Thus far, EGS's public review scores have been skewed heavily toward the top end of the five-star scale.
Enlarge / Thus far, EGS’s public review scores have been skewed heavily toward the top end of the five-star scale.

To be fair, the majority of EGS’s nearly 1,450 listed games do not have public ratings listed yet. Epic spokesperson Nick Chester said EGS titles “have to receive a minimum threshold of reviews before we begin to show ratings publicly” and that Epic “fully expect[s] all products to have these ratings displayed eventually.”

It’s possible the EGS games with current public ratings are those that players are most enthusiastic about, and currently unrated EGS games will eventually fill out the lower end of the scale if and when they reach a critical mass of player ratings.

On the other hand, limiting reviews to active and consistent players could be skewing those reviews toward the higher end of the scale. That’s not necessarily a problem, so long as EGS users realize the nature of that skew and keep it in mind when comparing scores on a relative basis.

“We’re continuously evaluating how players interact with our ratings and polls,” Chester said. “We have already made and will continue to make adjustments to the system to provide the best information for each game.

A bit generic

The other main problem with the Epic Games Store’s user reviews is their lack of specificity. On Steam, users can add text to their thumbs-up/thumbs-down reviews, highlighting which specific elements they did or didn’t like. That can help both customers and the developers, who can learn what to focus on in future updates.

With EGS, on the other hand, player-reviewers answer pre-populated survey questions about specific elements of the game, which are then distilled into descriptors that are listed alongside the user review score. Those descriptors are (so far) limited to extremely generic (and universally positive) sentiments about the game: “amazing storytelling”; “diverse characters”; “obsessive gameplay”; “great boss battles”; etc.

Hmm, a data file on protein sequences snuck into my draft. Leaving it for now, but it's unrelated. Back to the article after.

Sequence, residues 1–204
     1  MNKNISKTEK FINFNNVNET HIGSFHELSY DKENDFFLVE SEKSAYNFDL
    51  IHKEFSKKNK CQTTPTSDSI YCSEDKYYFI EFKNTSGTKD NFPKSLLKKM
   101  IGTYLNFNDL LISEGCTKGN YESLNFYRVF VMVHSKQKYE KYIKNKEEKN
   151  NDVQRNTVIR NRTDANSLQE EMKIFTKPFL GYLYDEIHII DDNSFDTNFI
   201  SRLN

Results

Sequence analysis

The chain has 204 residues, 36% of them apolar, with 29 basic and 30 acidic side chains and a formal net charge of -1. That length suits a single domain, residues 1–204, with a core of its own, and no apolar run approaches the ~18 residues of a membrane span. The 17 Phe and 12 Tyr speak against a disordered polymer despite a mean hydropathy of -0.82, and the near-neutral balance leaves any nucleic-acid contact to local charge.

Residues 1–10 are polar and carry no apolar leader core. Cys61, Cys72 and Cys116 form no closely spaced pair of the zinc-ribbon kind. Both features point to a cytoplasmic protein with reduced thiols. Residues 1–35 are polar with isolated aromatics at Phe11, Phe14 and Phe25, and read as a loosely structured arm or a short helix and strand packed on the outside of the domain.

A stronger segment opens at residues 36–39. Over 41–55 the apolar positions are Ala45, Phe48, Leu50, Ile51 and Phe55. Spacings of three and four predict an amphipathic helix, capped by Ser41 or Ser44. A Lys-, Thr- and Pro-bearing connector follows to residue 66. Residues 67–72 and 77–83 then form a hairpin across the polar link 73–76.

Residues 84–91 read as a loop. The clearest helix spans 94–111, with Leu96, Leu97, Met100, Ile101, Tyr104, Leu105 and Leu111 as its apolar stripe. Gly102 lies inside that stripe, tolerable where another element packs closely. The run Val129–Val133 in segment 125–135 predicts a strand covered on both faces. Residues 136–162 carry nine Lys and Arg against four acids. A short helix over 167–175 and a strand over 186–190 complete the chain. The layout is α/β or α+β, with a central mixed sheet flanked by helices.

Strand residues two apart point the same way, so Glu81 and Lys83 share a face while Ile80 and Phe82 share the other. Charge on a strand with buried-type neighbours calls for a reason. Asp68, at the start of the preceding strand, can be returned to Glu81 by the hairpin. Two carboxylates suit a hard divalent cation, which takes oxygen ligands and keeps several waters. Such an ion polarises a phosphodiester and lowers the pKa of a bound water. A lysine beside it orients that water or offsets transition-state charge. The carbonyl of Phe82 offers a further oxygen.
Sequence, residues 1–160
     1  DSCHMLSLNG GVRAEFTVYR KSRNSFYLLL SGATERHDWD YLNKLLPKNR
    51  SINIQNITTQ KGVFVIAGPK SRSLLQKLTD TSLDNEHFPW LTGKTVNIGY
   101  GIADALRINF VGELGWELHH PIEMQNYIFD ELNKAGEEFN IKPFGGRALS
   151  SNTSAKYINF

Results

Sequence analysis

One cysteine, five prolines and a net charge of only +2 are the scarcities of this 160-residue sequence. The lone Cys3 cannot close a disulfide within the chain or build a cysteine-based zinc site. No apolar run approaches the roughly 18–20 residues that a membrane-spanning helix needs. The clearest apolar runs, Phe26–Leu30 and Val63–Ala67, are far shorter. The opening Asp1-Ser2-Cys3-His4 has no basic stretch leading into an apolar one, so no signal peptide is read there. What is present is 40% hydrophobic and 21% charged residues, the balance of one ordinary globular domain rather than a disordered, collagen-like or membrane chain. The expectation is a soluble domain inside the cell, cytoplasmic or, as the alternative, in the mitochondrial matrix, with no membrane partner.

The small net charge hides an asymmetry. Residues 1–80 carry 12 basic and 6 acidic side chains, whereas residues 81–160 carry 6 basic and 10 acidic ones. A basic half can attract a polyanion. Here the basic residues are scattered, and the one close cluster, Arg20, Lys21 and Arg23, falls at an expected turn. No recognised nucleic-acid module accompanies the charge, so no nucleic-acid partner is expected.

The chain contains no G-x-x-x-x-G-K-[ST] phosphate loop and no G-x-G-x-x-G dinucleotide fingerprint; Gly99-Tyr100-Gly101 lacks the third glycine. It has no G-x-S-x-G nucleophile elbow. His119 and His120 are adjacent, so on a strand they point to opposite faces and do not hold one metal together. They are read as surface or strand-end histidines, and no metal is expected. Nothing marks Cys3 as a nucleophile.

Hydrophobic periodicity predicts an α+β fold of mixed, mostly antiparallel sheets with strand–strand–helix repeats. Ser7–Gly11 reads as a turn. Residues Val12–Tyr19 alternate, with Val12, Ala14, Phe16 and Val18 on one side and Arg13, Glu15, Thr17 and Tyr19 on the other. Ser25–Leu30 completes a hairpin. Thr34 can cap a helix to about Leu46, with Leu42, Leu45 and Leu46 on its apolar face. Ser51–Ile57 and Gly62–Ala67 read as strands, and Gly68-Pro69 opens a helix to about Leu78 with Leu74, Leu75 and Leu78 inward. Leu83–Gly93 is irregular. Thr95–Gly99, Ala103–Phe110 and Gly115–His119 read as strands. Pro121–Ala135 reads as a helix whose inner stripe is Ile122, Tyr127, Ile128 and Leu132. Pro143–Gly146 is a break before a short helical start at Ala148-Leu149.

See if you can guess what game these generic descriptors are being applied to.
Enlarge / See if you can guess what game these generic descriptors are being applied to.

Those are nice things to know for people browsing the store. But those kinds of descriptors lack the granularity you can get from skimming through a random sample of Steam reviews for most games.

And even if you want a quick list of highly rated EGS games with “diverse characters,” for example, EGS can’t help you. Currently, there’s no way to search the store (or filter results) based on review scores or descriptors (though clever Googling can help a bit).

As a service, we’ve combed through EGS to pick out the 90 or so games that have rated a 4.9 or 4.8 “overall rating” on the store’s five-star scale (scores may have changed slightly since this data was initially gathered). You can find that listing broken out on the next page, alongside breakouts of some common content descriptors users have provided for those games.